Theranostics 2018; 8(16):4345-4358. doi:10.7150/thno.26862
Transcriptomic signature associated with carcinogenesis and aggressiveness of papillary thyroid carcinoma
1. Beijing Institutes of Life Science, Chinese Academy of Sciences, Beijing, China
2. University of Chinese Academy of Sciences, Beijing, China.
3. Institute of Genomic Medicine, Wenzhou Medical University, Wenzhou, China
4. Department of Head and Neck Surgery, Key Laboratory of Carcinogenesis and Translational Research (Ministry of Education), Peking University Cancer Hospital and Institute, Beijing, China.
#Authors contributed equally to this work.
Teng H, Mao F, Liang J, Xue M, Wei W, Li X, Zhang K, Feng D, Liu B, Sun Z. Transcriptomic signature associated with carcinogenesis and aggressiveness of papillary thyroid carcinoma. Theranostics 2018; 8(16):4345-4358. doi:10.7150/thno.26862. Available from http://www.thno.org/v08p4345.htm
Papillary thyroid carcinoma (PTC) is the fastest-growing disease caused by numerous molecular alterations in addition to previously reported DNA mutations. There is a compelling need to identify novel transcriptomic alterations that are associated with the pathogenesis of PTC with potential diagnostic and prognostic implications.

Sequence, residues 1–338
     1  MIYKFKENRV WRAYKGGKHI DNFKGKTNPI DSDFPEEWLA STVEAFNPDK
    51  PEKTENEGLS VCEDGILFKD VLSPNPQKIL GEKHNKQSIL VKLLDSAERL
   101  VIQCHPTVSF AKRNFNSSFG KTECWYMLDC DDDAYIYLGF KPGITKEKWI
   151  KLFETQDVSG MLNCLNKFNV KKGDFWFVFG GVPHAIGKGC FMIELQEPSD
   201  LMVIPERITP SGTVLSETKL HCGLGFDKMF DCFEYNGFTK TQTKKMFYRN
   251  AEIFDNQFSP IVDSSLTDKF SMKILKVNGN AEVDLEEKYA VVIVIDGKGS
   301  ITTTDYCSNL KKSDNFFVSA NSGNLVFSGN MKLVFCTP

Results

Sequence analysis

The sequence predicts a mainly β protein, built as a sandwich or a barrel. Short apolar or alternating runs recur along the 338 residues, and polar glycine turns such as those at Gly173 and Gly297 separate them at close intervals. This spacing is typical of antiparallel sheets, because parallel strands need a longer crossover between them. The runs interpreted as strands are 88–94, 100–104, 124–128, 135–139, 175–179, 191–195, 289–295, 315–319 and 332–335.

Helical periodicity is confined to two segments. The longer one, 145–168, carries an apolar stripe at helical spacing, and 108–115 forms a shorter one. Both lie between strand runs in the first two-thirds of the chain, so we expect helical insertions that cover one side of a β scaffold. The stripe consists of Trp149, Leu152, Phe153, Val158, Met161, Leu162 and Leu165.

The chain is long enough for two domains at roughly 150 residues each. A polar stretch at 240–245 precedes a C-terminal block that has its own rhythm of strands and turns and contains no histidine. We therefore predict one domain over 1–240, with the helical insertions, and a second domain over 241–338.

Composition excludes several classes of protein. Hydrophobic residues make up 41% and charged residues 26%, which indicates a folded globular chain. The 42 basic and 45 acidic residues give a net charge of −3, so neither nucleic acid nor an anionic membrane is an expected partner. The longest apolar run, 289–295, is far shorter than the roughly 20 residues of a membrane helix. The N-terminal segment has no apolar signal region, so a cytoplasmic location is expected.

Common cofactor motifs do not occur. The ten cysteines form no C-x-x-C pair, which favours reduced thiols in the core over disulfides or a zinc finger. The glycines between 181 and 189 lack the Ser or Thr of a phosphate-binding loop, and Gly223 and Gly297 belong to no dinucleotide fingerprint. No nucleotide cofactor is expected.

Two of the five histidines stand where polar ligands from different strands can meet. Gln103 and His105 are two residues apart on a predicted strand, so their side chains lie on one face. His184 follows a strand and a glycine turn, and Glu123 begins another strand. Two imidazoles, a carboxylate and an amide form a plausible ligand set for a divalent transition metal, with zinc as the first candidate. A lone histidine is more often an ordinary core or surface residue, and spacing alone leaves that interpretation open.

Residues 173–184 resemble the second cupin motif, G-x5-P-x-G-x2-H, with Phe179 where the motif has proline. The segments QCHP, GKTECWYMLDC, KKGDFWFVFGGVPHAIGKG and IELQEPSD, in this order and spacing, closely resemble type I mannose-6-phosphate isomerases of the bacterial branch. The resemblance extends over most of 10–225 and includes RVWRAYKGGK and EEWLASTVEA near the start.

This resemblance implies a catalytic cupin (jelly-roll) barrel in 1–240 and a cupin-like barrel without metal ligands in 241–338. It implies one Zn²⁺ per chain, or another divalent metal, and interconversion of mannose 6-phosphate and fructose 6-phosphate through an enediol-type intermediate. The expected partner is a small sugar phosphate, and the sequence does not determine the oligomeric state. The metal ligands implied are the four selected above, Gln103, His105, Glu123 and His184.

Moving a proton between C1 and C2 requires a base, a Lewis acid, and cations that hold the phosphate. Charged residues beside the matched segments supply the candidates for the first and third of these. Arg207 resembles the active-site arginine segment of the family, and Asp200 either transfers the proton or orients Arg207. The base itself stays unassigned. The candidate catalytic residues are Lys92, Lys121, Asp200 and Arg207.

Methods: We gathered and compared 242 expression profiles between paired PTC and adjacent normal tissues and identified and validated the coding and long non-coding RNAs (lncRNAs) associated with the extrathyroidal extension (ETE) of 655 PTC patients in two independent cohorts, followed by predicting their interactions with drugs. Co-expression, RNA interaction, Kaplan-Meier survival and multivariate Cox proportional regression analyses were performed to identify dysregulated lncRNAs and genes that correlated with clinical outcomes of PTC. Alternative splicing (AS), RNA circularization, and editing were also compared between transcriptomes to expand the repertoire of molecular alterations in PTC.
Results: Numerous genes related to cellular microenvironment and steroid hormone response were associated with the ETE of PTC. Drug susceptibility predictions of the expression signature revealed two highly ranked compounds, 6-bromoindirubin-3'-oxime and lovastatin. Co-expression and RNA interaction analysis revealed the essential role of lncRNAs in PTC pathogenesis by modulating extracellular matrix and cell adhesion. Eight genes and two novel lncRNAs were identified that correlated with the aggressive nature and disease-free survival of PTC. Furthermore, this study provided the transcriptome-wide landscape of circRNAs in PTC and uncovered dissimilar expression profiles among circRNAs originating from the same host gene, suggesting the functional complexity of circRNAs in PTC carcinogenesis. The newly identified AS events in the SERPINA1 and FN1 genes may improve the sensitivity and specificity of these diagnostic biomarkers.